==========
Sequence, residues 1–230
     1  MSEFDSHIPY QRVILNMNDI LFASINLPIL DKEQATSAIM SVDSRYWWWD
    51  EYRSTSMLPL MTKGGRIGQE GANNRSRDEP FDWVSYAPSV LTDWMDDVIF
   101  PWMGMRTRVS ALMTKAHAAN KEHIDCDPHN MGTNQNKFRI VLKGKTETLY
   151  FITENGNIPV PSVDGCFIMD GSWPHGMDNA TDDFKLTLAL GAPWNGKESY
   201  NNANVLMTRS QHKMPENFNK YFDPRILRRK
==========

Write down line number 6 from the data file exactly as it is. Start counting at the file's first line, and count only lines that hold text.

   201  NNANVLMTRS QHKMPENFNK YFDPRILRRK